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Sailing On

Indiana jeweler continues his success journey with ambitious redo.

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G. Thrapp Jewelers, Indianapolis, IN

URL: gthrapp.com; OWNER: Gary Thrapp; FOUNDED: 1984; REMODELED FEATURED LOCATION: 2012; AREA: 6,000 square feet; BUILD-OUT COST: $2.5 million; UNDER CURRENT OWNERSHIP: Since 1985; EMPLOYEES: 14 full-time, 6 part-time; TOP BRANDS: Cynthia Ann, Samantha Louise, David Yurman, Lika Behar, Heather B. Moore, Beny Sofer, Beverly K, Christopher Designs, Martin Flyer, Megan Thorne; TAGLINE: “Vision, Quality, Trust … A Journey.”; YELP RATING: 4 Stars on Yelp; FACEBOOK: 10,628 likes; PINTEREST FOLLOWERS: 181; ALEXA GLOBAL RANK: 1.26 million


WHILE BEING NAMED ONE of America’s Coolest Stores feels really good to G. Thrapp Jewelers owner Gary Thrapp, it’s just another milestone on the journey for a guy who once worked as a breakfast cook in the mountains of California. “Life isn’t about chasing a destination, it’s about enjoying your time and learning about yourself as you go on,” says Thrapp. “I personally hesitate to use the word ‘success’ because the moment you feel you’ve reached ‘success’ is really when you’ve kind of reached the end. Every day brings a new challenge.”

The idea of “the journey” is echoed in the store’s tagline as well as its logo: a ship. The nautical theme continues throughout the store, which is decorated with all kinds of maritime-related items, including skis, a canoe, and even a mainsail mast, each one with its own provenance. “Northeast Indiana where I grew up is lake country,” says Thrapp. “I’ve always felt that if there was one thing I could surround myself with that would put a smile on my face every day, it would be the maritime/ lake theme.” Thrapp purchased a lake house upon his return to Indiana from California, and the garage was full of old lake toys. “We have some of those things around the store in addition to special pieces I’ve acquired over the years. It’s just fun, and people love it.”

This nautical theme was prevalent in the store’s design when it was named a Cool Store in 2008. (Stores must have moved, opened a new location or significantly remodeled to be eligible to re-enter the contest.) When the store was redesigned in 2012 by interior designer Nancy Whitacre, the nautical paraphernalia was a huge consideration. “It looked choppy before. Maybe people thought it was starting to look like Fred Sanford’s back yard,” jokes Thrapp. “Nancy knew just how to pull the colors together. The showroom looks larger now, and we have nautical accents in the lighting. And we have a full room dedicated to David Yurman.”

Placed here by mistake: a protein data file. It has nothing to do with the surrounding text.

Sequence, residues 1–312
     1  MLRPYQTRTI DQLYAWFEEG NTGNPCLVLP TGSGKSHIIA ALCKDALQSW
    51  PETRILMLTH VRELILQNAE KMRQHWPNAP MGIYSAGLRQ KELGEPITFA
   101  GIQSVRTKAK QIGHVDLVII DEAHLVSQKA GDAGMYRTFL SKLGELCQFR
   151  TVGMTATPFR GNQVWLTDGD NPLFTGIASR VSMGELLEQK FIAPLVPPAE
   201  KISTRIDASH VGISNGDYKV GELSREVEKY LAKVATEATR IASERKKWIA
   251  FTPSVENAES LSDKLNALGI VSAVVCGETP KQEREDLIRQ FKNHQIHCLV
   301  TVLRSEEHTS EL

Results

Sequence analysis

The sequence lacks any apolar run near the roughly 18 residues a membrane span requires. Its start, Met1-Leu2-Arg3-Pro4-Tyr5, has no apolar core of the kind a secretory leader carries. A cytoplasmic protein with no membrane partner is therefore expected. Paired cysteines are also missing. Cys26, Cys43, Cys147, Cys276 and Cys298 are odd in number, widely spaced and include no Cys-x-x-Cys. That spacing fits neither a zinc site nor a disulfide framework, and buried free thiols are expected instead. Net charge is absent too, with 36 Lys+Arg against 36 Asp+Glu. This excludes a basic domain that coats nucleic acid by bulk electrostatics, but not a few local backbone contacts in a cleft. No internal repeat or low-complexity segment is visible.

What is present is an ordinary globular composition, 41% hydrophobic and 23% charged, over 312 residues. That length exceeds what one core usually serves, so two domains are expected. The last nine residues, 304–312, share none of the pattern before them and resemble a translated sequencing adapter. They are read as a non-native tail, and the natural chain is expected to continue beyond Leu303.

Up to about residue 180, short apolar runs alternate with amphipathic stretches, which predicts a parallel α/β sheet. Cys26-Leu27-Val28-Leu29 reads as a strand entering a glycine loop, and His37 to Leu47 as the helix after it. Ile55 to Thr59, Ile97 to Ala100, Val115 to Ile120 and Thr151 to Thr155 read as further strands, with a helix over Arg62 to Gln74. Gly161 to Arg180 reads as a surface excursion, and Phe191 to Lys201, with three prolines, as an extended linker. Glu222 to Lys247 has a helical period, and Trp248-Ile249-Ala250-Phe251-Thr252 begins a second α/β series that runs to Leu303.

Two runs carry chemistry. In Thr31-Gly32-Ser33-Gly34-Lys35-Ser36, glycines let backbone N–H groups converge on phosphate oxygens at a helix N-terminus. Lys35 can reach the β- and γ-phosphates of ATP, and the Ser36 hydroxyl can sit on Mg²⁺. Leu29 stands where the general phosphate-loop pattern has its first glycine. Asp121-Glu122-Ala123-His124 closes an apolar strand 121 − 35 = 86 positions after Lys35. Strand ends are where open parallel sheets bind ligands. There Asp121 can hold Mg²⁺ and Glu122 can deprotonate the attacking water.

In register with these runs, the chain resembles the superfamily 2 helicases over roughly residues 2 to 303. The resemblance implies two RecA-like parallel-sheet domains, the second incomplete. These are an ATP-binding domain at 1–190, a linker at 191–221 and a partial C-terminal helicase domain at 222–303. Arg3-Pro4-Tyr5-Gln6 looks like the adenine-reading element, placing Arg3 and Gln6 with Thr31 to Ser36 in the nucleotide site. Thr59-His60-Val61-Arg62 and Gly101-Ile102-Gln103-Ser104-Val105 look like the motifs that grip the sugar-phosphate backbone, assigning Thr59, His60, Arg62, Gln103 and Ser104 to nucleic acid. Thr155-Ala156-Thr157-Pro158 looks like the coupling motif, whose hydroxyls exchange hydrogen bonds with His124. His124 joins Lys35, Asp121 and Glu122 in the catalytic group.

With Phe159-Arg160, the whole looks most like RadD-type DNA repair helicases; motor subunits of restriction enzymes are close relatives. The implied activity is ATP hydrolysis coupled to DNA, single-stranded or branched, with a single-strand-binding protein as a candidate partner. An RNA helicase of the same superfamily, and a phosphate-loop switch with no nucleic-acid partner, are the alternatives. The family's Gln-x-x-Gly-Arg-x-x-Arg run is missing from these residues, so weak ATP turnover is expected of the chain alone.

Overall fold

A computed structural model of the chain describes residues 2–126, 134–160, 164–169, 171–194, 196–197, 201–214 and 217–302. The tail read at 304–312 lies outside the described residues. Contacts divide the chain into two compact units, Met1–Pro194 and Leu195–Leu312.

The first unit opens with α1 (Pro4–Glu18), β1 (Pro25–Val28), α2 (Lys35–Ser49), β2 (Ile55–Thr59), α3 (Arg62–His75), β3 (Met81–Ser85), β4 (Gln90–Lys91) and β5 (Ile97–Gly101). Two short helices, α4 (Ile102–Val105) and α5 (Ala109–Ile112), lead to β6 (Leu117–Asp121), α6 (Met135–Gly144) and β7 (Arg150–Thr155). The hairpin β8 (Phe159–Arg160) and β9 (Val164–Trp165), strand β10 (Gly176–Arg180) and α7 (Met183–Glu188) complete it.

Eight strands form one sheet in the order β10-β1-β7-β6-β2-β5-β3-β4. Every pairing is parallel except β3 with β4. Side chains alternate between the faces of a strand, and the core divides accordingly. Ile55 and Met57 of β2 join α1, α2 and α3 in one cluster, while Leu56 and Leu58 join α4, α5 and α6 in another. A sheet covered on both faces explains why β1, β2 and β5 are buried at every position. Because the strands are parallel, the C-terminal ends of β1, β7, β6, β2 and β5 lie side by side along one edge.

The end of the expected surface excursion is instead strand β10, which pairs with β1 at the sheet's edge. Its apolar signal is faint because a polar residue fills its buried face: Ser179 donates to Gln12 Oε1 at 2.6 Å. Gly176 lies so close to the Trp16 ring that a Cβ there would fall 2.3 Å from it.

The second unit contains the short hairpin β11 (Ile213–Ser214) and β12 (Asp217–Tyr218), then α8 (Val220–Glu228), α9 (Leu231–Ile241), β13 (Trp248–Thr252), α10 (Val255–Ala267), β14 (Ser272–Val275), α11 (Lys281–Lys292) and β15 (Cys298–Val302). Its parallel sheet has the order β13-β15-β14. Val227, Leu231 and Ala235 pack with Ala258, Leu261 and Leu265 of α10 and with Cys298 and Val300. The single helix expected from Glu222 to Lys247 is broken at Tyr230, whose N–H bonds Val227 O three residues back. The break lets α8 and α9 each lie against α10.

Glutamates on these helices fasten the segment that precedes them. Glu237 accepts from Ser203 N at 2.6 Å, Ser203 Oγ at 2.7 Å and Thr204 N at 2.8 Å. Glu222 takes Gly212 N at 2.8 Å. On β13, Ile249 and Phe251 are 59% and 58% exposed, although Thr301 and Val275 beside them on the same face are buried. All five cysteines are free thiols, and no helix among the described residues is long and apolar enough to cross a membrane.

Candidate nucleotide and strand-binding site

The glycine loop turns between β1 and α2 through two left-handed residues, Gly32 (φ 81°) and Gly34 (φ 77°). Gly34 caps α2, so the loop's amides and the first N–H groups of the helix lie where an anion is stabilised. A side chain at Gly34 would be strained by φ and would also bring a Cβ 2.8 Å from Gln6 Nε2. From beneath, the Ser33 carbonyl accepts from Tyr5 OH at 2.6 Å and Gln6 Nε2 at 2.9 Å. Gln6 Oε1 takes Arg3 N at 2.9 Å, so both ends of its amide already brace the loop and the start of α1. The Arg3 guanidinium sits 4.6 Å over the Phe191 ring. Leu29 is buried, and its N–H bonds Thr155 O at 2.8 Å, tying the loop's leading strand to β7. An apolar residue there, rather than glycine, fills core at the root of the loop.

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Yurman was one of the first designers the store picked up, back in the days when David Yurman himself was his own line’s salesperson. Today, the store carries more than 30 designer lines. “We have a strong diamond area and bridal area, and we’re probably Indiana’s foremost estate and period jewelry authority,” says Thrapp. “But the designer jewelry is the cutting edge. They’re not necessarily big names, but they’re really sharp, cool designers. We spend the majority of our time sourcing new, upcoming designers.”

The store also features its own designer, Ellen Bower, whom Thrapp calls “one of the nation’s best.” While CAD/CAM is a must-have for stores who offer custom, says Thrapp, you can’t make a “finesse” piece of jewelry without model-making and fabrication abilities. “We have so many clients who want that handmade, prototype, one-off kind of jewelry-making experience. We even do it for a couple of major wholesale manufacturers who can’t get that level of quality production anywhere. It seems odd that a designer of her quality would be here in Indianapolis, but she’s an amazing talent.”

Despite all the incredible features of the store and the awards it’s won over the years, what makes Gary Thrapp most proud is being recognized as one of Indiana’s best names in fine jewelry, and doing it in just 30 years. And, he’s proud of his people, eight of whom have worked in the business for 10 years or more. “It’s a cool thing to have built a life’s work in 30 years and continued to evolve while staying in the same place,” says Thrapp.

“People often say, ‘It’s cool that you found your passion in jewelry.’ But really, jewelry isn’t my passion. My passion is for the people here to discover their own strength and find the ability to do what they want to do. Jewelry is just the medium.”

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Five Cool Things About G. Thrapp Jewelers

1. ESTATE AUTHORITY. Gary Thrapp is passionate about estate and period jewelry, and as a result, he says he’s cultivated Indiana’s premier collection of such jewelry. “I got my taste of period jewelry in California at my first job. They had amazing pieces, and you could tell immediately that there was a huge difference in how they were made from the way new pieces are made,” says Thrapp. He adds that expertise in period jewelry is not something that’s easily earned. “I’ve participated in many Christie’s and Sotheby’s auctions and spoken to a lot of people in the business over the years.”